Acne vulgaris (acne) is the most common skin disease in the world. In developed countries such as Singapore, it can affect up to 80-90% of adolescents. Usually, the disease goes away by itself. But for many patients, acne can persist into adulthood and leave disfiguring scars, estimated to affect up to 95% of patients. The resulting disfigurement can lead to anxiety, reduced self-esteem and, in extreme cases, depression or thoughts of suicide.
Researchers from Agency for Science, Technology and Research’s (A*STAR) Institute of Medical Biology (IMB) in Singapore, together with colleagues from other institutes across Singapore, Europe and Australia, have discovered that acne, as well as the associated scarring, can result from connective tissue problems.
The starting point was to study a rare genetic disease called Winchester syndrome, which causes severe acne, bad scarring and osteoporosis. Understanding the role of genes in rare diseases can help boost understanding of common diseases.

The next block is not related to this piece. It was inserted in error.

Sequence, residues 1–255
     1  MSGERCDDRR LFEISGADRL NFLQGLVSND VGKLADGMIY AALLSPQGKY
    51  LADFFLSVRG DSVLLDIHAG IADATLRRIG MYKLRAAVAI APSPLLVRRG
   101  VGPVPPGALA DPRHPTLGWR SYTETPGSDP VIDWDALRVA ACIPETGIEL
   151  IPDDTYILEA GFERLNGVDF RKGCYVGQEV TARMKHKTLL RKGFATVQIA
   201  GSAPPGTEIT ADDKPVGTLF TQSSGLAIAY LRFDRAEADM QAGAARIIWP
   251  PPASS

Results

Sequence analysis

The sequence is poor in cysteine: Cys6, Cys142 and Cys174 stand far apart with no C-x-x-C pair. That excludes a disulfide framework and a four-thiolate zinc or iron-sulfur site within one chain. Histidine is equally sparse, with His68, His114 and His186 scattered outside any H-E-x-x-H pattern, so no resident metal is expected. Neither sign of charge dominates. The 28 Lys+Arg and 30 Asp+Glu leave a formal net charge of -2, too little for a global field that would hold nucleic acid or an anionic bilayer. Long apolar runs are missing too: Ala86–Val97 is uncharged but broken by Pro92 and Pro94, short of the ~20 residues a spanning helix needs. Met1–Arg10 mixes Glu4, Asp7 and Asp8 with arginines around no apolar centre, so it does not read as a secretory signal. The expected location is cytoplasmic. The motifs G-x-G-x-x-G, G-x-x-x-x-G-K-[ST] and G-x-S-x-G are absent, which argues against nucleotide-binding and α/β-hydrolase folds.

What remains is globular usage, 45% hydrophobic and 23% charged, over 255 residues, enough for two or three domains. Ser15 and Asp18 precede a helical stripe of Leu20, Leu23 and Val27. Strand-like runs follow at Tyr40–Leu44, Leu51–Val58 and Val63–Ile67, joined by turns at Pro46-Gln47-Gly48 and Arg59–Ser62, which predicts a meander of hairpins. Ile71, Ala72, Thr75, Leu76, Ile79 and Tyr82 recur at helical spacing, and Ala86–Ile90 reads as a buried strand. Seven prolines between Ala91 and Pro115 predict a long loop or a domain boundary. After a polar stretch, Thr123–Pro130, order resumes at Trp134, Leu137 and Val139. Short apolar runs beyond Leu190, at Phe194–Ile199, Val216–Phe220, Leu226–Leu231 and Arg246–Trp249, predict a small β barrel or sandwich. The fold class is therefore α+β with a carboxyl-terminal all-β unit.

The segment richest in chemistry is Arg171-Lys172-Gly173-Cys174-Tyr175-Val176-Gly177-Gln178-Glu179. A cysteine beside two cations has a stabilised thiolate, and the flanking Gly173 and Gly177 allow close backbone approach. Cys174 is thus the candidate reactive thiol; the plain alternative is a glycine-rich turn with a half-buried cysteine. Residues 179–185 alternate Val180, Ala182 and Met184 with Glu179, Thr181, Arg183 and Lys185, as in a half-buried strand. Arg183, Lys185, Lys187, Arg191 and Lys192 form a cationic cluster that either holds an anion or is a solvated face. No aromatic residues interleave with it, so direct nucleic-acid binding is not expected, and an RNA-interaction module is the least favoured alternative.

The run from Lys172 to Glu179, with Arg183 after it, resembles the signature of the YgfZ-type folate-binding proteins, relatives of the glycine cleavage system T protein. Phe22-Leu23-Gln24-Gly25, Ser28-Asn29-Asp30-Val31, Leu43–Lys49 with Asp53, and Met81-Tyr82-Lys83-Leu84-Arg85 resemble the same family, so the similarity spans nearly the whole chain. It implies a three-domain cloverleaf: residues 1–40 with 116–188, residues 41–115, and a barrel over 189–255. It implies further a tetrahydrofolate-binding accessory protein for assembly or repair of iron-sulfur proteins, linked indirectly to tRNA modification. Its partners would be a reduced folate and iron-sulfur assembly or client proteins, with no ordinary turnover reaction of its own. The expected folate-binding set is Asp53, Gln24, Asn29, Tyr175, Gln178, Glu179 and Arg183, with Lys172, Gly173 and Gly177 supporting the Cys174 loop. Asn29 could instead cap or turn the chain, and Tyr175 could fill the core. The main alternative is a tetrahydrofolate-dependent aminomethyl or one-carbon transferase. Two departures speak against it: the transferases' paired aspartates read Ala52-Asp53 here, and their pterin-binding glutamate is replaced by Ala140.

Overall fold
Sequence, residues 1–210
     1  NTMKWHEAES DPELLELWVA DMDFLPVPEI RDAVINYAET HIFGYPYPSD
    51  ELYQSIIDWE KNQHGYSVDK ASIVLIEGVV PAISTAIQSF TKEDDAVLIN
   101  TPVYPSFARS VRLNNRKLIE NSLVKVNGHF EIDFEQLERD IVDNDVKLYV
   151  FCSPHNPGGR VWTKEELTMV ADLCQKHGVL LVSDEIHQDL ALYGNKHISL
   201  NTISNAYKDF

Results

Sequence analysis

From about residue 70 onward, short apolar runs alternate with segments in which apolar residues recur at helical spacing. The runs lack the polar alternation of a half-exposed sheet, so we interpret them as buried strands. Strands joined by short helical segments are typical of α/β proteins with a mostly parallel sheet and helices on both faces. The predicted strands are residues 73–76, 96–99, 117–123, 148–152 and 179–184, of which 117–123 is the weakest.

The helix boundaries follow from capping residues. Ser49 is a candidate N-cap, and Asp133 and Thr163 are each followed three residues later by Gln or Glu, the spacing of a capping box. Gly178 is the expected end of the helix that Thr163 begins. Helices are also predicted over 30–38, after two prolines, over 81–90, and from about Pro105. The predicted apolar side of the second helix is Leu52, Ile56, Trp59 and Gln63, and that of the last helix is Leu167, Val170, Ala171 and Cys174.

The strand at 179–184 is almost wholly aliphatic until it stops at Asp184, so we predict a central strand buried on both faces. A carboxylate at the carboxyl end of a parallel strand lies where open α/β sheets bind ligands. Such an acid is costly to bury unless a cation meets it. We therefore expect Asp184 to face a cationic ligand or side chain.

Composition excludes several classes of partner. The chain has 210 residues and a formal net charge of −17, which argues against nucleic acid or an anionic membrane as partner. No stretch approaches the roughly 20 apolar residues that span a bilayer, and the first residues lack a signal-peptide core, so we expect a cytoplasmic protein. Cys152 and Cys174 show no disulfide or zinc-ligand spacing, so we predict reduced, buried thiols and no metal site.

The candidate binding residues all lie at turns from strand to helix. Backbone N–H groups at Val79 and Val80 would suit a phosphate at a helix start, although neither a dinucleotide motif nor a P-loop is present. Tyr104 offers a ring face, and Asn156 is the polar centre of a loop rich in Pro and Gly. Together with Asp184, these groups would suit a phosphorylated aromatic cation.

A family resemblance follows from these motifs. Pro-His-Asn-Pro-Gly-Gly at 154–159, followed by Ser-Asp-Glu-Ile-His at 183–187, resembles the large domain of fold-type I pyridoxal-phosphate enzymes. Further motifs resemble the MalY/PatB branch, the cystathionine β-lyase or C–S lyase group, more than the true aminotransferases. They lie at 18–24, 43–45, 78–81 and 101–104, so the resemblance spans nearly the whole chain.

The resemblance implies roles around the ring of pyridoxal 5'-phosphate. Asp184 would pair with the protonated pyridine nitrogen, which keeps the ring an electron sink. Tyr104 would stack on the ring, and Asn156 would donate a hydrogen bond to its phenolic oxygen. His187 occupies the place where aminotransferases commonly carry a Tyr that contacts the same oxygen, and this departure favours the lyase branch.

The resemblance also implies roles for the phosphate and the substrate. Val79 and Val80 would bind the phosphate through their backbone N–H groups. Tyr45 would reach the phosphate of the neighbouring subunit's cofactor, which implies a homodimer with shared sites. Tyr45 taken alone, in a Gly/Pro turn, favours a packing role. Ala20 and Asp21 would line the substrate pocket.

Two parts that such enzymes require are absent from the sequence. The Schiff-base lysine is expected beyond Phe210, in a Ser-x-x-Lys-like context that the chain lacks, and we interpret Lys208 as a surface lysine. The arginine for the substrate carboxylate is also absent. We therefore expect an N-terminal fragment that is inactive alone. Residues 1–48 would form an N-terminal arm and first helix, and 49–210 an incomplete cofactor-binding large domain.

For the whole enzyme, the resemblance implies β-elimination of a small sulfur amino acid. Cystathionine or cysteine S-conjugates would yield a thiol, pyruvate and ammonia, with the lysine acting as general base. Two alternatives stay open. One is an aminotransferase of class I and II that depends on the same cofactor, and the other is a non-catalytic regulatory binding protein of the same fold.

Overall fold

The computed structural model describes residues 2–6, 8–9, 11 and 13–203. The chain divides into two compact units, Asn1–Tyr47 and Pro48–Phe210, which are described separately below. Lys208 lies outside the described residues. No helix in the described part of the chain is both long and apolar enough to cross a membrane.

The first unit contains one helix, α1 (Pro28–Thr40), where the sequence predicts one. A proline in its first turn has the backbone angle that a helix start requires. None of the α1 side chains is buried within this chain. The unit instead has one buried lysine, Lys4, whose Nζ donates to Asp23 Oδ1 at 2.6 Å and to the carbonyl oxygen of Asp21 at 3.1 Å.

In this case, IMB Research Director, Prof Maurice Van Steensel’s team discovered that the symptoms arising from Winchester syndrome are all due to issues with an inability of cells to digest the collagen that is around them. Collagen is the protein that makes up most of the connective tissue in the skin and is also essential for bones.
The researchers then made a zebrafish model of Winchester syndrome so they are able to develop and test new drugs that may help people with acne, scars, or osteoporosis. The scientists expect to translate this new understanding into practical development of treatments soon. Their research will also direct efforts towards understanding how defective tissue remodeling relates to acne, and how it can be manipulated for therapeutic benefit.
The original paper can be accessed here.